Your Christmas gifts are not late.
Now, that doesn’t mean they will arrive on December 25. The current USPS delivery load is estimated at 40% over normal and 19,000 of their workers are out due to COVID-19 symptoms or exposure. Those of us who respect the opinions of medical experts and the health department are not delivering packages ourselves as we stay home for the holiday and ship instead. It’s a stressful time to be working at the post office.
But still, your Christmas gifts are not late. Christmas is actually a twelve-day festival called Christmastide which begins December 25 and ends January 6. In fact in Latin America, the day to exchange gifts is the Epiphany, the commemoration of the visit of the Magi to the Christ child and the offering of their gifts of gold, frankincense, and myrrh.
That last one, myrrh is an embalming oil. Whether you believe in COVID-19 or not, there are 400,000+ more deaths in 2020 than in 2019, the largest yearly increase since 1919 and the Spanish Flu. I will ask the question to the naysayers again: if you include total deaths together regardless of cause, what exactly explains the increase?
I am spending my first Christmas with my partner Loren in our new condo. It’s been a lot of fun (for me anyway) to decide where the tree goes, what lights to (get him to ) hang in the windows, and how to consolidate our Christmas ornaments. Winter blew into Minneapolis with last night’s blizzard, wind gusts at 50+ mph and sub-zero temperatures today. Hey, I guess we get a white Christmas after all.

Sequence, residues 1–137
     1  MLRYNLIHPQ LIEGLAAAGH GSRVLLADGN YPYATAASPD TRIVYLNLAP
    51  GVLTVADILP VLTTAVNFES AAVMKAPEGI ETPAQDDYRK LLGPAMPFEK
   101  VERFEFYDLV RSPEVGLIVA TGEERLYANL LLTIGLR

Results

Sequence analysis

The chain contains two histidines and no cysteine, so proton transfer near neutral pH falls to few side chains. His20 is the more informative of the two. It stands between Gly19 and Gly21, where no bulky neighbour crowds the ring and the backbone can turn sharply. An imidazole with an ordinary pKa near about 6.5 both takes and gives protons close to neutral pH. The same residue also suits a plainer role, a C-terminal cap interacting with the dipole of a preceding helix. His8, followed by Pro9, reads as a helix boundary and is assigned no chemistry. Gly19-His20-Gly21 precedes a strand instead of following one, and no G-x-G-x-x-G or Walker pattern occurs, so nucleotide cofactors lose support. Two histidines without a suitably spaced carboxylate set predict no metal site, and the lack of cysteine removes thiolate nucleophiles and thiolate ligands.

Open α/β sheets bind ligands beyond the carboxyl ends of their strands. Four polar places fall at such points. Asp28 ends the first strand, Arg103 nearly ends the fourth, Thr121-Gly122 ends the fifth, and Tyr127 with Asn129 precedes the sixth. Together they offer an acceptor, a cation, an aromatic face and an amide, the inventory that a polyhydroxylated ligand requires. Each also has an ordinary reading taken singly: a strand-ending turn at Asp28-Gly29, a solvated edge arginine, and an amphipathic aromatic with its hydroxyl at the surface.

But this is my first Christmas in Minneapolis in ten years. I’ve been single since 2009 and spent the last ten Christmases with my mom and family back in Peoria, IL. By this time of the day on Christmas Eve, mom and I would have already been to the pub for beers and lunch, stopped by the house to grab some family and head out to another pub for beers and apps, then make it home in time for the 8pm Christmas concert and Mass at the cathedral downtown. Then we’d get up early for mimosas, snacks, and gifts in the morning. Irish-American Catholic Christmas all the way.
But my mom died this year.
May 2020, on Mother’s Day no less (way to make an exit). Not of COVID-19 but Leukemia. At least I don’t have to worry about COVID-19 taking her anymore. Walking her home was grueling and I am still working through my grief. But I recognize now that Christmas was the quality time I spent with mom for the past decade and it has transformed the season for me. It is not one of sadness, but of gratitude. I was able to go home for ten days every year for a decade without guilt or worry about anyone else (except maybe the cats) and my happy memories of my mom now fill Christmas.
I cherish this time of year because I was able to take part in it. I didn’t miss out.
Now for Christmas Eve, I am in my home with Loren. We ordered Christmas Eve dinner of lamb shanks with all the fixings from Al’s Breakfast in Dinkytown, the site of our first ‘not-a-date’ date back in May 2019. We’re trying to help keep our favorite restaurants open. He’s cooking crab legs and tortellini for Christmas dinner. We’ll have gifts and Tom & Jerry cocktails and a fire both nights.
This season, I cooked and shared twelve dozen cookies and mailed 126 Christmas Cards. I might be the reason for the back-up at the post office. The Christmas cards we received in return line the picture rails in my dining room. As Loren and I enjoy our first Christmas dinner together, just the two of us at our ten-seat dining room table, our friends and families are surrounding us with their written well wishes of joy and peace.
Christmas will arrive right on time.
Merry Christmas and a much better New Year from our home to you and yours.
-Copyright C.M.Mounts, December 2020